According to official results of the June 20 elections, the LHK won only 1.2 percent of the vote, falling far short of the 5 percent legal threshold for entering the parliament. It had garnered 6.4 percent in the previous elections held in 2018.
LHK leader Edmon Marukian said his party was on course to clear the vote threshold until the last few days of campaigning marked by bitter recriminations traded by Prime Minister Nikol Pashinian and two hardline opposition alliances led by Kocharian and another former president, Serzh Sarkisian.
Marukian claimed that many LHK sympathizers deserted his camp after Kocharian’s Hayastan bloc held the biggest rally of the entire election campaign in Yerevan on June 18. He said they felt that Kocharian’s return power is a real possibility and that they should prevent it by voting for Pashinian’s Civil Contract party.
“Our representative in Yeghegnadzor told me that people are coming to the [local LHK] office and saying, ‘Sorry, we planned to vote for you but after seeing that rally we thought that they are returning [to power] and decided to give extra votes to the authorities so that it doesn’t happen,” he told a news conference.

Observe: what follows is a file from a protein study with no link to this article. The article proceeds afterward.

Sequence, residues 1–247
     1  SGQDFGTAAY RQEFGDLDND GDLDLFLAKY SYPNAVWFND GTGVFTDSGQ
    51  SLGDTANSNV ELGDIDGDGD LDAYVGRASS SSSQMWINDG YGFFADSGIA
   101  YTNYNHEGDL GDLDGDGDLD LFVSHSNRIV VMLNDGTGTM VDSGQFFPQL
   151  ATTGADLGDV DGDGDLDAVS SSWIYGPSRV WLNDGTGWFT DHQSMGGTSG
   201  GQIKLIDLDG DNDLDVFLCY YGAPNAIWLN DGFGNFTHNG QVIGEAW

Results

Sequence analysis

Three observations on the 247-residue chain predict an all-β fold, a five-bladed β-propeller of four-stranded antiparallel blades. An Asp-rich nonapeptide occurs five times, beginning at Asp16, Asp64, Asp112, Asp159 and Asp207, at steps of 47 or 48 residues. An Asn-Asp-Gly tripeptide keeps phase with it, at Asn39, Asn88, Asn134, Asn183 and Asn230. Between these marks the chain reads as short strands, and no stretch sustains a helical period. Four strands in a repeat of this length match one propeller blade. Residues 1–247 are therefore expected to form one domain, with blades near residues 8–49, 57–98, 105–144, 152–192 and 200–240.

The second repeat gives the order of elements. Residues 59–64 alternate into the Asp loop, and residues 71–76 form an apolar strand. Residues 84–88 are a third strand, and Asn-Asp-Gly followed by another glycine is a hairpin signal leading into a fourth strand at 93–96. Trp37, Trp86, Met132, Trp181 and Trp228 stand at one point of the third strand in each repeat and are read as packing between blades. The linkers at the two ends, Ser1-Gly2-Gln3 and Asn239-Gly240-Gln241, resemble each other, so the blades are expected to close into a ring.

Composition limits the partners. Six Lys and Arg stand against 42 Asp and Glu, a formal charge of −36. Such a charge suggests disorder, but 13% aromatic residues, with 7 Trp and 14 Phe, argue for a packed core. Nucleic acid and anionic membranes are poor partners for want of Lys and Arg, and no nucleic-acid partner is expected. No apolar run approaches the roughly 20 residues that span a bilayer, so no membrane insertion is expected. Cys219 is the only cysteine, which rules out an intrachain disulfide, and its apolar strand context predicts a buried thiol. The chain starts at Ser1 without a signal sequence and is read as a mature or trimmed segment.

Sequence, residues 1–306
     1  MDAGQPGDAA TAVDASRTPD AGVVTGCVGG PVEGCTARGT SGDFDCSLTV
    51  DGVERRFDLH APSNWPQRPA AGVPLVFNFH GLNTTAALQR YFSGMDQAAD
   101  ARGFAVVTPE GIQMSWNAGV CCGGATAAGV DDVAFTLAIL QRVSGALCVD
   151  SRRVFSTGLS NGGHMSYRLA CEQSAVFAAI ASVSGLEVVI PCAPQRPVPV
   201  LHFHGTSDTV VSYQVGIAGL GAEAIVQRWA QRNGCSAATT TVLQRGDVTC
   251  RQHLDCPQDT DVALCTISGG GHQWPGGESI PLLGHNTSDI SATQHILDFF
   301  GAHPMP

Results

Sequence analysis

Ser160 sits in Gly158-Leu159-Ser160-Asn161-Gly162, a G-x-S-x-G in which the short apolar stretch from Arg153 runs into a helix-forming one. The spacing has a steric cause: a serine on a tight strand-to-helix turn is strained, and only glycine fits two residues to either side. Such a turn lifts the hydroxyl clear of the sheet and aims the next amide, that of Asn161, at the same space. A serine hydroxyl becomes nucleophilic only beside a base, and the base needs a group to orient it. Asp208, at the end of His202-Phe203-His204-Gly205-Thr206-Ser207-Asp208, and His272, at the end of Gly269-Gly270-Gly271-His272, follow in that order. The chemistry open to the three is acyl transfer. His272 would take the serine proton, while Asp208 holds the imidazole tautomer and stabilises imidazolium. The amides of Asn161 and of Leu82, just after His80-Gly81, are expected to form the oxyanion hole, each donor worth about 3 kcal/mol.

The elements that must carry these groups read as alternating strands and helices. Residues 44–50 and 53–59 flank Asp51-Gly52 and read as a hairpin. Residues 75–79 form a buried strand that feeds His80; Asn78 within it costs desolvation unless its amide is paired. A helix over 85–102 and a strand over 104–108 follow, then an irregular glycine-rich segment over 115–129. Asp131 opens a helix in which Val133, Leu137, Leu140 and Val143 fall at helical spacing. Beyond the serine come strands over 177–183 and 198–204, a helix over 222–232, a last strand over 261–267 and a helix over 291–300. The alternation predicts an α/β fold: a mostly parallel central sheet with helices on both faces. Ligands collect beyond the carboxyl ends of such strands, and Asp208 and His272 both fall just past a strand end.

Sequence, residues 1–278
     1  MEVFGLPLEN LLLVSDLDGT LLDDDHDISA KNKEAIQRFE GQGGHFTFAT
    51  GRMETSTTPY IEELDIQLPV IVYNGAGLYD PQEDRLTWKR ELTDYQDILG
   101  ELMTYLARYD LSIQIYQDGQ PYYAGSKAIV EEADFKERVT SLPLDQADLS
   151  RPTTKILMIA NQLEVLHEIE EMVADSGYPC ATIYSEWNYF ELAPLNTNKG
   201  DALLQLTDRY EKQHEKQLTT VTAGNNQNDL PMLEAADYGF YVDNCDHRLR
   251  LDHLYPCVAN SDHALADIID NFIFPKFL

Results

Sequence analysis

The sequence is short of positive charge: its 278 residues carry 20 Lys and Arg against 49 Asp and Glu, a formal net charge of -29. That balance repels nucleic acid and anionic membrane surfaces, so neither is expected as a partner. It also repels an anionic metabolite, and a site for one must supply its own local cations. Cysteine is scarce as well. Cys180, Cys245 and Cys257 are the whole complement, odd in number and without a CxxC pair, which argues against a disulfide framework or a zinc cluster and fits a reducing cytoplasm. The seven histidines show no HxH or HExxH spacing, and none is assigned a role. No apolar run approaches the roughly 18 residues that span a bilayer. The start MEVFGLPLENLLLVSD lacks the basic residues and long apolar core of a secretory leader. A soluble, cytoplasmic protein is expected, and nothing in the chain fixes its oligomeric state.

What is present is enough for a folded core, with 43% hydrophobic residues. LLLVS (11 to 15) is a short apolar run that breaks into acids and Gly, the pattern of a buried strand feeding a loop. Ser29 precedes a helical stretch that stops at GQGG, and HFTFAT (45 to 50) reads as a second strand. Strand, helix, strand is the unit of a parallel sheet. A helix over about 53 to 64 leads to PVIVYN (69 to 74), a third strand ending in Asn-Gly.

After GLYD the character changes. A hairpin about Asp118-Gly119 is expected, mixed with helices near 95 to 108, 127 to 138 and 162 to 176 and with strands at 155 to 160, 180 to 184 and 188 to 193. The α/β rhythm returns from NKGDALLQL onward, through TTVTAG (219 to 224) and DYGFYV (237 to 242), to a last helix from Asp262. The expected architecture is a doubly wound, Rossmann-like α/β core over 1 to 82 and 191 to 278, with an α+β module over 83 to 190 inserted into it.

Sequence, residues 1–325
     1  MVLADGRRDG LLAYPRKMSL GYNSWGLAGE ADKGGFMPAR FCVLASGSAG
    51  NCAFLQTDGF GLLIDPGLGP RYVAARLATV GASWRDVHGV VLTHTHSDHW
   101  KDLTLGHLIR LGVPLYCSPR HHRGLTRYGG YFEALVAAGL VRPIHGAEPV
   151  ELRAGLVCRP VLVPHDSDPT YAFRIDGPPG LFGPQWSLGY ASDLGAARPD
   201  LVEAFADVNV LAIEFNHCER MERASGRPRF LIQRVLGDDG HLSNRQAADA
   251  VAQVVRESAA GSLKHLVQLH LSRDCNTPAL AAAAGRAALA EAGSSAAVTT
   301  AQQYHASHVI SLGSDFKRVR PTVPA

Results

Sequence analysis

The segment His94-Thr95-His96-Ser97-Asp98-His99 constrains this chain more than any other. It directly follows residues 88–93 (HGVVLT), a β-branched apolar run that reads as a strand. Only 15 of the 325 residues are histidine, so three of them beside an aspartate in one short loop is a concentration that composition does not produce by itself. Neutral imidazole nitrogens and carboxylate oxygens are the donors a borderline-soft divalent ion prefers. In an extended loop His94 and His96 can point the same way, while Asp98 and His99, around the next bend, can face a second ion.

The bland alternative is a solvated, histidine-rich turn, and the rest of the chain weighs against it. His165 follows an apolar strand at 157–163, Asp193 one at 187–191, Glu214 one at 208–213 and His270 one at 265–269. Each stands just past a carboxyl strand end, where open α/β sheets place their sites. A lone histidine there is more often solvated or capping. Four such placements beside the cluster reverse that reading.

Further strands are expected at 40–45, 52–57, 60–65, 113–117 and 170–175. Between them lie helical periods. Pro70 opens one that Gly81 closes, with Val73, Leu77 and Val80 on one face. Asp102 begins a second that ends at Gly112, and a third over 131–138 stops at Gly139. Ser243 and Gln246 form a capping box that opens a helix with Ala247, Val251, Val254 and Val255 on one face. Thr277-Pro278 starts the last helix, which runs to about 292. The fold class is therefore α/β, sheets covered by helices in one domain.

The official results showed Civil Contract getting almost 54 percent of the vote, compared with 21 percent and 5.2 percent polled by Hayastan and Sarkisian’s Pativ Unem bloc respectively. Both opposition forces are expected to ask the Constitutional Court to overturn what they call fraudulent results.
During the 12-day election campaign, the LHK positioned itself as a viable alternative to Armenia’s current and former rulers. It pledged to form a “government of national unity” in case of making a strong showing in the polls.
“The megaphones of the current and former authorities were much stronger than ours,” complained Marukian. “Our voice was drowned out as a result.”
The LHK leader also accused Hayastan and Pativ Unem of helping Pashinian to stay in power. He said that lawmakers representing the radical opposition will be an easy target for the reelected prime minister.
Supporters of the two ex-presidents claim the opposite. They say that Pashinian will face “real opposition” in the parliament for the first time since coming to power more than three years ago.
Hardline critics of the Armenian government have for years questioned the LHK’s opposition credentials. They have accused Marukian of secretly cooperating with Pashinian, his erstwhile political ally.
Like other major opposition forces, Marukian’s party blamed the government for Armenia’s defeat in last year’s war in Nagorno-Karabakh. But it did not join street protests organized by them in an attempt to force Pashinian to resign.